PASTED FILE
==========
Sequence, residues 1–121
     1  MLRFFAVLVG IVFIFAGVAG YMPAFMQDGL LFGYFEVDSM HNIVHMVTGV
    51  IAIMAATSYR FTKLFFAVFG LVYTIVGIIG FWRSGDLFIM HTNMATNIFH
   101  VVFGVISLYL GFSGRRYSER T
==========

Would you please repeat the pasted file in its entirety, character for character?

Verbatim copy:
Sequence, residues 1–121
     1  MLRFFAVLVG IVFIFAGVAG YMPAFMQDGL LFGYFEVDSM HNIVHMVTGV
    51  IAIMAATSYR FTKLFFAVFG LVYTIVGIIG FWRSGDLFIM HTNMATNIFH
   101  VVFGVISLYL GFSGRRYSER T